Updated on June 14, 2016 with the new box and whiskers widget.
So you have plenty of tests running that have gathered a lot of useful information — but how do you summarize up to 90 days’ worth of data in a meaningful way? In this post, we’ll talk about using ThousandEyes report widgets to discover and convey data trends and summaries effectively. We’ll also go over how to share, save and schedule these reports.
Choosing the Best Widget for Your Data
How you visualize your data is very important for distilling and communicating a message to your audience. A report consists of one or more configurable report widgets, with each widget representing a different visualization, chart or table. Report widgets can be used for a variety of purposes, including exploring trends in the aggregate, creating visualizations for a presentation, and generating summary statistics to get quick updates. You can use filters in each widget to see exactly the data that you want—include or exclude particular tests or agents, or include entire groups of tests or agents to see the data in the aggregate.
There are currently ten types of widgets available. See the table below for a summary of these widgets and what they’re generally used for.
|Bar Chart: Stacked||Compare metrics that can be decomposed into constituent parts|
|Bar Chart: Grouped||Break down higher-level trends into more detail across different subgroups of main categories|
|Time Series: Line||Analyze trends over time|
|Time Series: Stacked Area||Analyze trends over time for metrics that can be decomposed into constituent parts|
|Pie Chart||Show percentage or proportional data|
|Table||Examine numerical data across two dimensions|
|Multi Metric Table||Show metrics across different measures and layers|
|Number||Generate summary statistics and get quick updates|
|Map||Correlate metrics to geographic location|
|Box and Whiskers||Understand the distribution of data over time|
Let’s jump into some examples of effectively using these report widgets to visualize data collected from Agent-to-Server, HTTP Server and Page Load tests to Twitter. Feel free to explore the examples presented in this post by viewing our report snapshot at this public link.
Stacked bar charts are used with metrics that can be further broken down into constituent parts: total error count, response time and total fetch time. Total error count is composed of the various types of errors that agents encountered; response time and total fetch time are composed of the various amounts of time spent in their constituent phases. You can look at these decomposed metrics across tests, servers and geographic locations.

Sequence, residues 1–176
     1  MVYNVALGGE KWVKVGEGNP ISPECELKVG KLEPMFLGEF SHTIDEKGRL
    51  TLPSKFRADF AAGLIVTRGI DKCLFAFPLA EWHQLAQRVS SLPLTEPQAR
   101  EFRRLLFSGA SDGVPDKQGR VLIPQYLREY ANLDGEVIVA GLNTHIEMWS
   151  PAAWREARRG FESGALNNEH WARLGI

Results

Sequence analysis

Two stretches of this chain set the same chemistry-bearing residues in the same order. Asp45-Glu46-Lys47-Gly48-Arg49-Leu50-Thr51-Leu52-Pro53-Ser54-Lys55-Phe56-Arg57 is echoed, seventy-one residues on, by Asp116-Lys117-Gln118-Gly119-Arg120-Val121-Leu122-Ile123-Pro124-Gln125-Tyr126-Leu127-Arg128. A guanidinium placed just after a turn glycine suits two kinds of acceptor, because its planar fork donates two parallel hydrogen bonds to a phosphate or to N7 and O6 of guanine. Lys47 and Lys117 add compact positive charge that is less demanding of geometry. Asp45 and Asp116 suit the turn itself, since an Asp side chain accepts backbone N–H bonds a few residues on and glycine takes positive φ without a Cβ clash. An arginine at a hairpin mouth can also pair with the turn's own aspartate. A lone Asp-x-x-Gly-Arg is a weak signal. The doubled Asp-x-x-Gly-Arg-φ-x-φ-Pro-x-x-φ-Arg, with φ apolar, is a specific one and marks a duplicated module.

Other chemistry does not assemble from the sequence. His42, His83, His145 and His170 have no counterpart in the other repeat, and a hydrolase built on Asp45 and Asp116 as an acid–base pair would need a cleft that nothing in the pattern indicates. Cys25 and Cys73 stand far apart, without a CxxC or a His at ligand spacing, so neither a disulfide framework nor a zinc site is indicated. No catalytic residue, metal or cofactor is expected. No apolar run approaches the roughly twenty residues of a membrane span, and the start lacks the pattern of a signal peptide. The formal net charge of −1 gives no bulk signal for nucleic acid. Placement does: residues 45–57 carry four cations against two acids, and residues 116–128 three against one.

This stacked bar chart shows the median of total fetch time broken into its components and separated by agent. We use median here because the Taipei agent has outliers that significantly skew the mean.
We can again quickly single out the worst performers in terms of total fetch time: the Singapore and Taipei agents. As another example, the Atlanta agent observes an unusually long wait time that also warrants further investigation. Stacked bars give you a more granular view, allowing you to better locate potential issues.
Grouped bar charts are a way of visualizing information about different subgroups of main categories. Grouping adds the ability to break down a higher-level trend into more detail across subgroups.
This grouped bar chart shows mean latency broken out by continent for each test.
Charts like these allow for easy comparison among similar competitors. For example, we see that Instagram and Facebook are the underperformers in terms of latency across most of the continents we collected data from. And surprisingly, Pinterest’s worst-performing continent is North America—an observation that should prompt further examination.
Line (time series) charts are useful for examining trends in key metrics over time. You can compare metrics among tests, servers, agents, countries and continents to understand longer-term differences and trends among services and geographic locations.
The below example plots the 98th percentile of page load time over time for Twitter, broken out by continent. Using the 98th percentile measure, we can start to understand the outliers in this particular data set of 7 days—in other words, what page load time looks like when it is severely underperforming. The 98th percentile measure is more stable over time than measures like mean and standard deviation because unlike these measures, 98th percentile disregards extreme outliers and can thus be a good basis for comparison across groups.